By Mawlānā Dr. Yunus ʻUthmān
Foreword: The author, Mawlānā Dr. Yunus ʻUthmān, is a graduate of Dār al-‘Ulūm Karachi. He taught at at Dār al-‘Ulūm Newcastle (South Africa) for 12 years. During that time he also completed B.A and B.A (Hons) degrees (majoring in Arabic and Science of Religion) at the University of South Africa. In 1994, he was awarded an M.A degree in Islamic studies from the University of Durban-Westville. In 2002, he graduated with a D.Phil degree in Islamic studies at the same University. He continues to serve on various Islamic Trust Boards of a number of Muslim organisation and Islamic seminaries within South Africa. He is also an author of many articles and books. The following article is taken from his thesis, on the life and works of ʻAllāmah Anwar Shāh Kashmīrī, which was submitted in fulfillment of the D.Phil degree in 2001. We hope to publish more edited extracts from this thesis in the near future. This article also follows up on articles which we have published in the past concerning the teaching of secular education in 19th Century India (see “Related article(s)” below). Mawlānā Dr. Yunus ʻUthmān writes:
The influence of the western world was first felt in the Muslim world when the Europeans colonised their countries in the early 19th Century. Thus, prior to the arrival of the Colonialists, all aspects of Muslim life were governed by the Sharīʿah. The Colonialists subsequently imposed their own man-made laws upon the Muslims against their will.
In India, after the capitulation of the Dehli In 1857, the British imperialist power imposed secular education on the masses. The ‘ulamā’ migrated to the villages where they established their own Islamic institutions with the aim of safeguarding the Muslims from being influenced by western culture which could prove detrimental to the Islamic way of life. One of such institutions which exist to this day is Dār al-‘Ulūm Deoband. There were, however, certain Muslims who felt that it was important for them to master western education and foremost amongst them was Sir Sayyid Aḥmad Khān (1898) who was instrumental in establishing the famous Aligarh College based on the British model. On the other hand, Nadwat al-‘Ulamā’ in Lucknow was established in order to bridge the gap between the two extremes. In other words, certain secular subjects, including the teaching of English, were introduced in its curriculum.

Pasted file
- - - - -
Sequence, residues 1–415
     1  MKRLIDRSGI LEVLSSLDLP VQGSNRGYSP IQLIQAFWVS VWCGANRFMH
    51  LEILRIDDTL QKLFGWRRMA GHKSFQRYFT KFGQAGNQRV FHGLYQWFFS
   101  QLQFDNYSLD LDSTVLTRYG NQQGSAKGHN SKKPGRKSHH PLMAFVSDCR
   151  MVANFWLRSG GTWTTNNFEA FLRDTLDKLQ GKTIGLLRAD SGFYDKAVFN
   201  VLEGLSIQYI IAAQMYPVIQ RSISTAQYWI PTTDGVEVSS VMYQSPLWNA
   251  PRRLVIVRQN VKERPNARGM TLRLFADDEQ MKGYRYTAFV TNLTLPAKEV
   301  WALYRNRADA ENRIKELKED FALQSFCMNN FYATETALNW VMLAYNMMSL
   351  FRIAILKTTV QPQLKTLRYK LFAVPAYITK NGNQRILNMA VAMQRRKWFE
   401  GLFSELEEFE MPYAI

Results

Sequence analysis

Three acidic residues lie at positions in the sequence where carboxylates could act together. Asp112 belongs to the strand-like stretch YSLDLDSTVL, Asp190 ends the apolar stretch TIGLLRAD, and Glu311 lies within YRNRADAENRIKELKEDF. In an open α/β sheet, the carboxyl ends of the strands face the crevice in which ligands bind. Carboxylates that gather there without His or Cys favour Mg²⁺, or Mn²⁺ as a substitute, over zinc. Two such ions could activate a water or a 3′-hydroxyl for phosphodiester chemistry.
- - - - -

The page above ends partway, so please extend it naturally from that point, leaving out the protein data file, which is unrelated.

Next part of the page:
In the debate on whether Muslims should acquire western education or not, Shāh Ṣāḥib (ʻAllāmah Anwar Shāh Kashmīrī), who was the product of Dār al-‘Ulūm Deoband, differed from the majority view of the ‘ulamā’, and exhorted his students to study the English language and other secular sciences. (Anwār al-Bārī, 1:247) He pointed out that in order to safeguard his literary interest in Arabic and the Persian language, he was reluctant to read and write in Urdu. He even wrote all his letters and notes in these two languages. However, he later on regretted that he did not master the Urdu language for in India it was important for one to master the Urdu language in order to defend and propagate Islam in that country. Thus, he was of the view that if any person had an interest in teaching and propagating Islam beyond the geographical boundaries of India, then that person ought to study the English language, modern philosophy and secular research methodology. (Malfuẓāt Muḥaddith Kashmīrī, p.95) This accounts for his not criticising any educational institutions which incorporated secular sciences in its curriculum.
Osman, Yunoos (2001). Life and works of ʻAllāmah Muḥammad Anwar Shāh Kashmīrī. p. 156-158.